Issue - July 2010



July 2010

Editorial

In this edition, Jamie Bassett uncovers the history behind Mother’s Day celebration in Cochabamba, William Dowling discovers the reason behind one of Bolivia’s biggest festivals, Lauren Rutter profi les Olympic Stadium and reviews La Chirola, Floriane Guyot tries to explain the urban gang phenomenon and Walter Sánchez describes the structure of Bolivian families. read more...

July 2010

Gran Poder The Grand Celebration


The last weekend in May marked the annual celebrations of La Fiesta del Señor de Gran Poder. Will Dowling was in La Paz to celebrate alongside the locals.

Will Dowling
Projects Abroad
Volunteer
Gloucestershire - United Kingdom

The festival celebrates Jesus as the second part of the Holy Trinity. It is the biggest street carnival in Bolivia and one of the biggest in South America. It brings together all the residents in La Paz, the surrounding suburbs of El Alto and beyond.

La Fiesta del Señor de Gran Poder had its humble beginnings in 1939, but its history extends back to the 17th Century. It celebrates Jesus as the second hand of God and as the Señor de Gran Poder (The Great Power). It stems from a painting of the time, with the Holy Trinity painted with Indian or mestizo (mixed race) features. At this time, visual interpretations of God, or the Holy Trinity, were banned by the Catholic Church, so the painting was hidden. It was found later when the Church decreased in power and it changed hands several times before ending up in the Iglesia Parroquial Del Gran Poder in La Paz.

In 1939 there was a small candlelit procession with a statue of Jesus at the head. It took place in La Paz’s sister city of El Alto, among Aymara migrants living in the market districts. The festival grew each year, along with the growth in influence, wealth and acceptance of the Aymara communities among the Spanish migrant and white societies. Although it started as an Aymara celebration, it now includes all kinds of Aymara folklore and Catholic traditions. In the beginning of the 1980´s it became a street party stretching over a week, starting with a procession in the first weekend of June. Nowadays, the performers alone make up more than 60,000 people, which gives some idea as to how big the event has grown to be.

The Bolivians are very proud of this festival. One local asked me what I thought of the carnival and how it compared to any other carnival experiences that I have had (none!). He kept referring to La Paz as ¨his¨ city, which gives an indication of the pride that he felt at taking part in this festival.

The procession, or entrada, has as many as 53 groups of dancers. Each of these groups, or fraternities, represents a different part of the city, or group of people. They are made up of different sections, the first of which is called the guia, which is a prestigious position to be in. Each fraternity is accompanied by two brass bands; one in the middle and one at the back. These are primarily made up of drums, trumpets, tubas and other brass instruments. The trumpets and tubas take it in turn to play, while the drums play constantly, with the bigger bass drums playing along to the tubas. On top of this, most, if not all of the dancers have instruments called matracas, which twist and make a clicking noise along to the music.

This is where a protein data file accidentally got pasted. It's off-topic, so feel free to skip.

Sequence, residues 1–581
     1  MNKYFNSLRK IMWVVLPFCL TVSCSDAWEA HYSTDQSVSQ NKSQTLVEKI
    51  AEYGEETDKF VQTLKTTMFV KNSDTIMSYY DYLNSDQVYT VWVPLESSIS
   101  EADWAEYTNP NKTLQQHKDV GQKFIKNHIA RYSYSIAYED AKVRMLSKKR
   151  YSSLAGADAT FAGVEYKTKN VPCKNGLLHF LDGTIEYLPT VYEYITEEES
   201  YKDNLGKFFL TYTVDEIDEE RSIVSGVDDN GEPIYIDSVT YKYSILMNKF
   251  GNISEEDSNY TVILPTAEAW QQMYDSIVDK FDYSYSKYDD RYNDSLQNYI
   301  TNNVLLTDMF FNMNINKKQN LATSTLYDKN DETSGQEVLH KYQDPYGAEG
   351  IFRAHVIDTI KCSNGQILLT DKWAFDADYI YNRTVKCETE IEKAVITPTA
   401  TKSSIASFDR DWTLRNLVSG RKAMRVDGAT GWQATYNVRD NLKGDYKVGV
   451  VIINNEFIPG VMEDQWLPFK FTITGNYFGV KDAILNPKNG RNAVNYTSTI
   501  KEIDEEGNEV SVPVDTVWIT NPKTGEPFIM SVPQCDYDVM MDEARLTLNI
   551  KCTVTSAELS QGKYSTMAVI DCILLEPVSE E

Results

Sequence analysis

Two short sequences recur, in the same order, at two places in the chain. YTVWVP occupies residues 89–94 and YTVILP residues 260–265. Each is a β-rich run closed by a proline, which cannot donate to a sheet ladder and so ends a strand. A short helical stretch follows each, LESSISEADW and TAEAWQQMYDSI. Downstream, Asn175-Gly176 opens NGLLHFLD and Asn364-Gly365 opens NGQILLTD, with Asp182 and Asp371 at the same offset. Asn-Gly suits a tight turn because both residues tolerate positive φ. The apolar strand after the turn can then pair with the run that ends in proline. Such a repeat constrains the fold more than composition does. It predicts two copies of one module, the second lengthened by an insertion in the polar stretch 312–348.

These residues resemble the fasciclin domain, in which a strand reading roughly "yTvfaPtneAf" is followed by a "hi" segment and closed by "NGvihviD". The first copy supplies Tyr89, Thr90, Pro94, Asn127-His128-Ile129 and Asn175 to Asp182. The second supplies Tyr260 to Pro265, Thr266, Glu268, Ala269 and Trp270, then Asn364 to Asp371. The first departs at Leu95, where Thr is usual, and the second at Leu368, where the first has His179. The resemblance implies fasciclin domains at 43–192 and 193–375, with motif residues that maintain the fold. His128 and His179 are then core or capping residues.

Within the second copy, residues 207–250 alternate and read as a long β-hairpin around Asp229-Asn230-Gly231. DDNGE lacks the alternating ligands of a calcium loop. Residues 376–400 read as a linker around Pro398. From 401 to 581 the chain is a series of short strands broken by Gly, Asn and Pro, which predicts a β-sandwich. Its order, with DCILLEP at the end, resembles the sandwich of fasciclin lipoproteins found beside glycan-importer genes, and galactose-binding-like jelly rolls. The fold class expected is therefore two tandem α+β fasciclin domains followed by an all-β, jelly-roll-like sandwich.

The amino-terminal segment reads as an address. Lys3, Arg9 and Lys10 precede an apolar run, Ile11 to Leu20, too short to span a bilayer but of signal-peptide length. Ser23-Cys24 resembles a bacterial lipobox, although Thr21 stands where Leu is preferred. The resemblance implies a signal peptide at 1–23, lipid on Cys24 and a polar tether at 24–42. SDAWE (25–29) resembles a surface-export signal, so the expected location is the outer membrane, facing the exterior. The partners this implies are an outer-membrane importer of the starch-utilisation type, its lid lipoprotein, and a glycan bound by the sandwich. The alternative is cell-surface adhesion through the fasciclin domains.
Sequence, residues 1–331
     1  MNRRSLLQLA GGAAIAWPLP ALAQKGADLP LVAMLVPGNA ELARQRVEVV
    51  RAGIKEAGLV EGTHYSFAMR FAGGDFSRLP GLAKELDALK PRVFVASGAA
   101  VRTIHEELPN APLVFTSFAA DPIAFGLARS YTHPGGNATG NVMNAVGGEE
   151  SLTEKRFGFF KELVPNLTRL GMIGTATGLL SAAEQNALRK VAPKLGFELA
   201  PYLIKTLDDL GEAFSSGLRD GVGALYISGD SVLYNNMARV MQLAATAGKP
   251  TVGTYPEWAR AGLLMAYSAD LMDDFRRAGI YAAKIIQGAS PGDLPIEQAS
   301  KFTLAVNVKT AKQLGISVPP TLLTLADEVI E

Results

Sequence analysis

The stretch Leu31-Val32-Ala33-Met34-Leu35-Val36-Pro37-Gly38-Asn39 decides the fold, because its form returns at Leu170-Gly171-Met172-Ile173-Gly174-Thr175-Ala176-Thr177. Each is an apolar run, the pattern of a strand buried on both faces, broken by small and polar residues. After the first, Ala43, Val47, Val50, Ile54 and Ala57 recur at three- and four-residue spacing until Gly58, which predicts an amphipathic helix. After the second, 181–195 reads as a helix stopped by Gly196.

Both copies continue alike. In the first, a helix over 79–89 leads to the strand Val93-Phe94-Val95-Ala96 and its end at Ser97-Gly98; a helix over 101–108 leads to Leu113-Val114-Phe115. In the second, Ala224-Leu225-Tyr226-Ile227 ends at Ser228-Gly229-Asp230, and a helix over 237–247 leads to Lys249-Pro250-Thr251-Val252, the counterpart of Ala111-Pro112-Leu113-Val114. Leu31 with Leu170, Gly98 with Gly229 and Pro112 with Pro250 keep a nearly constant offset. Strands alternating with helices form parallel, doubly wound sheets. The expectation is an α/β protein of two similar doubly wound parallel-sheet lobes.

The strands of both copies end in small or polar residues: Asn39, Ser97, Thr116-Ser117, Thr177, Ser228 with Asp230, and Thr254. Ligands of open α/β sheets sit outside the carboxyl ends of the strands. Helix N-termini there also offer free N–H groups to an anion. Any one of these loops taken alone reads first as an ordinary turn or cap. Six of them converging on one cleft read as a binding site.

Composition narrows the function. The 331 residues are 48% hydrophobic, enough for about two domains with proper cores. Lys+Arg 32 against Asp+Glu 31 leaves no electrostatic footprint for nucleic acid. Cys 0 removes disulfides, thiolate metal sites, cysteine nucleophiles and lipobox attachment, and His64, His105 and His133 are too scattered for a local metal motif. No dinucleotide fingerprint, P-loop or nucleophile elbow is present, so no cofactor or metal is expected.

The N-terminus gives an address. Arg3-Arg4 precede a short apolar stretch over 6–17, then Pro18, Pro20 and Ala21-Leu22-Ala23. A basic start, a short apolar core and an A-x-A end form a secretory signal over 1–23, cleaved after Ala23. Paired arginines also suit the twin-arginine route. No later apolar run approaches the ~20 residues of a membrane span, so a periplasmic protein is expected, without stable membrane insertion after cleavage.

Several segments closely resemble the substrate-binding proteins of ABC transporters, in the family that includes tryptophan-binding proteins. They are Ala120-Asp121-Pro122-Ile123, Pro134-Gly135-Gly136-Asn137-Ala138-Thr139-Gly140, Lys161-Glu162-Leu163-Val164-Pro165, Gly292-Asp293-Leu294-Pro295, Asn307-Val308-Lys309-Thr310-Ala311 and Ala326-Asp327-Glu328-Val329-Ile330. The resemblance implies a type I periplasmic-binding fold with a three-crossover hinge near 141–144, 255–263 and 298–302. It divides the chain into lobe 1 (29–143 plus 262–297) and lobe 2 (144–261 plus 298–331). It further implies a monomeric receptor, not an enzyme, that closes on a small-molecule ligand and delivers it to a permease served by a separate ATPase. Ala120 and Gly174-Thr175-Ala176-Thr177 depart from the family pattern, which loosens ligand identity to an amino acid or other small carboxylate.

The dances, or morenada, done by the groups are very simple. They consist of two steps called the cruzado and the media luna. The cruzado is performed while the tubas are playing and involves criss-crossing your legs; three times to the left and three times to the right. The media luna is executed to the trumpets and involves three 180o turns; the first three from left to right, then three from right to left.

Some dances are more popular than others. One of the most widely performed is the Dance of the Devil because of its elaborate costumes. The Devil, or Tio, in this dance is the guardian to the Bolivian mines and is offered coca leaves, cigarettes and other small gifts in order to have safe passage in the mines. Another popular dance is called Dancing Bulls, or Waca Takhoris, this requires the dancer to wear a stuffed bull’s head and dried bull’s skin along with traditional clothes.

Each fraternity has its own costumes which are expected to change every year. Also, all of the dancers have to be fed and watered during their exhausting five hour routines, which can all get quite expensive. For these reasons, each group will have some sponsors; these are usually rich members of the local community, looking to boost their popularity. Those wanting to join a fraternity are very welcome to and are provided with food and drink every time the group meet to practice the dance, paid for by the sponsors of course.

La Fiesta del Señor de Gran Poder has evolved from a candlelit procession into a weeklong party, accompanied by a 5 hour dance routine at altitude, in a 25.5kg costume. This seems like an adequate celebration of Jesus to the people of La Paz and indeed all of Bolivia. The festival will continue to grow, as more fraternities join the celebrations and all of the communities in La Paz become more widely accepted.

Olympic Ambition

Entering Club Olympic you are greeted by the sight of hundreds of children of all ages engaged in the game of volleyball, giving off a general aura of health and fun. They practice and play here for three to eight hours a week, using the fantastic facilities available to them. Olympic has six indoor courts and six outdoor beach volleyball courts, complete with imported sand. It provides vital physical education on a weekly basis, which is sadly lacking from Bolivian children’s daily life.

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